Updated: 13 March 2000
Posted: 7 March 2000



As all goods things must come to an end, so it was to be with my Air Force Career. By 1971, things began to change. The initial group of Officers and NCOs in the SR-71 program were being sent overseas to Vietnam or other stateside units, Senior Officers were being assigned to places like the Pentagon or Command Headquarters, others were retiring and to me the old camaraderie seemed to be waning. Frankly, I was also apprehensive that my ěold WWII soldier attitudeî would get me into serious trouble. After much soul searching and discussions with my wife Dorothy, we decided that 31 October 1971 would be my last day of active duty. And so it was on the last day in October 1971 that the Officers and Airmen of the 9th Strategic Reconnaissance Wing honored me with the ěMother of all retirement partiesî at the Beale AFB Tepee on the Hill. The Master of Ceremonies, 1/Lt J. T. Twilley (now a full Colonel), presented me with a tongue in cheek ěThis is Your Lifeî complete with cartoon type caricatures and comical narrations of my escapades as a member of the 9th OMS and FMS Squadrons during the period 1965 thru 1971, The Wing Commander at the time, Colonel Hal Confer (B/Gen Ret) presented me with a model of the T-38 aircraft with the inscription showing the date he took me on a Mach 1 ride over parts of California and Nevada. There were other gifts presented to me and my wife by the Lockheed Aircraft Co. and others at the party, but probably the most touching and one I was most reluctant to accept, was the one presented by Lt/Col Smith, Commander of the 9th OMS. In his presentation speech, Lt/Col Smith stated that since I was leaving the Air Force, it was only fitting that the Fakawee Flag and the now famous Tie-Pole should accompany me in retirement in Boise, Idaho. I strongly protested that the tradition should live on and that the Flag and Tie-Pole truly belonged to the 9th OMS. The presentation even included a official Air Force Form, signed by the Commander and Wing Supply Officer transferring the Flag and Tie-Pole from the 9th OMS to CMSgt. Wm. M. Gornik. After considerable urging and sincere insistence by all my friends, reluctantly accepted these memorable gifts with the promise that I would display them in a place of honor in my home and that I would some day will them back to the Air Force. The Fakawee Flag and the Tie-Pole were in a place of honor behind the bar in my family room and the stories of the origin and history told and retold for the next 19 years.



In early January 1990, Lt/Col Rod Dyckman, Commander of the 1st Strategic Reconnaissance Squadron, phoned from Beale AFB and invited me to attend the final salute and retirement ceremony of the SR-71 Blackbird on 29 January 1990. The final fly-by was to be held at Beale AFB and included a Mach 3 flight, formal retirement of the SR-71 colors and final banquet at the Officers Club. As I prepared for the trip, I knew that this was the opportune time for me to relinquish ownership of the Fakawee Flag and Tie-Pole. And so it was that I sadly packed the prized mementos in my car and headed for Beale AFB, California. When I arrived I turned over the Fakawee flag to CMSgt Dennis C. Davis who was the most recent heir to the duties I had as a member of the 9th OMS. Sgt Davis was asked to care for the flag until such time as it was appropriate to be placed in the Beale AFB Base Museum. The Tie-Pole was then turned over to Lt/Col Dyckman, C.O. 1st SRS for safe keeping and eventual retirement to the Base Museum. As a final gesture in the preservation of this unique bit of Air Force history. I designed and purchased an engraved plaque upon which I attached the original pocket knife used in starting and continuing the tradition of the tie-cutting ceremony. The engraving reflects the authenticity of the attached knife. Sometime during the Blackbird Reunion to be held 30 May thru 2 June 1991 at the Nugget Hotel, in sparks, Nevada, I will present the plaque to an appropriate representative of the Beale AFB for delivery to the Beale Museum. That should be the final act of the 25 year active history of the Blackbird Tie-cutting Ceremony.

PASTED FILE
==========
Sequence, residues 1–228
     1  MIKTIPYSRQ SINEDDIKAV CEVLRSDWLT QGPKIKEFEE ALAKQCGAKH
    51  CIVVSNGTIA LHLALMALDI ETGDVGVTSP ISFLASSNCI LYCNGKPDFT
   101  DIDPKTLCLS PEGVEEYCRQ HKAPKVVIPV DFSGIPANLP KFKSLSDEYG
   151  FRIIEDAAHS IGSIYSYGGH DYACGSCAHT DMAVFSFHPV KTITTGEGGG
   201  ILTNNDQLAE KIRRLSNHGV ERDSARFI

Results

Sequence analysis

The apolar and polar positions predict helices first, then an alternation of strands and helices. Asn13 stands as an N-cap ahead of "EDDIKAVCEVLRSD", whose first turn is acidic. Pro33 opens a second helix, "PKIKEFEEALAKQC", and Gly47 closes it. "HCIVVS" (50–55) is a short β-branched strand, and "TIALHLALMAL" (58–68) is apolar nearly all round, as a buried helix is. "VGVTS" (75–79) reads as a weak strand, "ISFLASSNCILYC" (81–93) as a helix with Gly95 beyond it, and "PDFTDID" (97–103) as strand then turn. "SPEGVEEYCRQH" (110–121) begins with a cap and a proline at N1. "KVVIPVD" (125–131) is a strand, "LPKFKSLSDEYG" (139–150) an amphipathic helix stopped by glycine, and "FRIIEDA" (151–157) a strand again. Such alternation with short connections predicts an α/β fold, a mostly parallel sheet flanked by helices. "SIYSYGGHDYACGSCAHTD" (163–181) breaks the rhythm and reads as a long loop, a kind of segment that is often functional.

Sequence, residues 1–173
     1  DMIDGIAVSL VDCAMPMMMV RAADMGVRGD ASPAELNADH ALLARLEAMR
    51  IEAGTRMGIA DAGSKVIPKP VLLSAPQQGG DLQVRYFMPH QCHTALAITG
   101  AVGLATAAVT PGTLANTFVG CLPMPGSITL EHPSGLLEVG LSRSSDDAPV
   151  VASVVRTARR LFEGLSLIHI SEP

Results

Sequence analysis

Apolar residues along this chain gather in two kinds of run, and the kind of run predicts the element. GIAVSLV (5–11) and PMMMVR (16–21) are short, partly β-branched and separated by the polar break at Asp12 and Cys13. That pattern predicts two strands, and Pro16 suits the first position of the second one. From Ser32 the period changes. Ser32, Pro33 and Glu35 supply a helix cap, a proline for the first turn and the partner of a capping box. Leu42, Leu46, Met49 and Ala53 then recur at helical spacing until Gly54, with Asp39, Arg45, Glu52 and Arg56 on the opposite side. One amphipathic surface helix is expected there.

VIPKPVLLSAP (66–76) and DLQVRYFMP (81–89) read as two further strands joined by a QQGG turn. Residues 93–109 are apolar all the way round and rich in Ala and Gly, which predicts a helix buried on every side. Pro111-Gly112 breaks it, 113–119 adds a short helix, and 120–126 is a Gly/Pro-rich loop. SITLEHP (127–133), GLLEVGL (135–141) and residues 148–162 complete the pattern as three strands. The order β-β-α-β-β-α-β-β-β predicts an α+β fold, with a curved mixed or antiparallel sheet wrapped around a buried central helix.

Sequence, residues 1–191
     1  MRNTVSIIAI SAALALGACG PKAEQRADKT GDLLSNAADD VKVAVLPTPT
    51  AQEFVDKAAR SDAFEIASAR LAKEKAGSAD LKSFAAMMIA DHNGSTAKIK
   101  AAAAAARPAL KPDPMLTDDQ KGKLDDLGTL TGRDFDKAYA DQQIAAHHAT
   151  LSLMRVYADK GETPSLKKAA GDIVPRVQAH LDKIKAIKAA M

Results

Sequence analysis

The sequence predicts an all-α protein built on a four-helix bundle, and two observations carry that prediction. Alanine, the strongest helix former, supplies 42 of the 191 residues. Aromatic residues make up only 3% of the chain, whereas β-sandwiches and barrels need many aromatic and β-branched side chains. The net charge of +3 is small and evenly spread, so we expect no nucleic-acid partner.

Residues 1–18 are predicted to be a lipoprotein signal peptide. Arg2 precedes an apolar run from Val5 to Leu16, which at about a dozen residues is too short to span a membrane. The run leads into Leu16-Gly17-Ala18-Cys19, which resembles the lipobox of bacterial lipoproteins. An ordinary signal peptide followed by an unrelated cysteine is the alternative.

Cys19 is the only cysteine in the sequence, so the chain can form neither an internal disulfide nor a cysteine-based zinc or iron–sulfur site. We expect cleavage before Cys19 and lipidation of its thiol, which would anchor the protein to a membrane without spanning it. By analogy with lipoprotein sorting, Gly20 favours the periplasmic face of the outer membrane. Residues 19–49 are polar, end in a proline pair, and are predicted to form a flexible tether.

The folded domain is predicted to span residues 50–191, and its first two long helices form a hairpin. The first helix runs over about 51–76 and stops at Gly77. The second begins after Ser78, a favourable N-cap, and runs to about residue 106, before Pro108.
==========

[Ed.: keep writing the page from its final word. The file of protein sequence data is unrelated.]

The Plaque was indeed passed on to the Curator of the Beale AFB Museum (a Staff Sgt whose name I do not know) during the 1991 Blackbird Reunion. From that day on, the Knife & Plaque have not been seen and apparantly was never delivered to the Museum

© Wm. M. (Bill) Gornik

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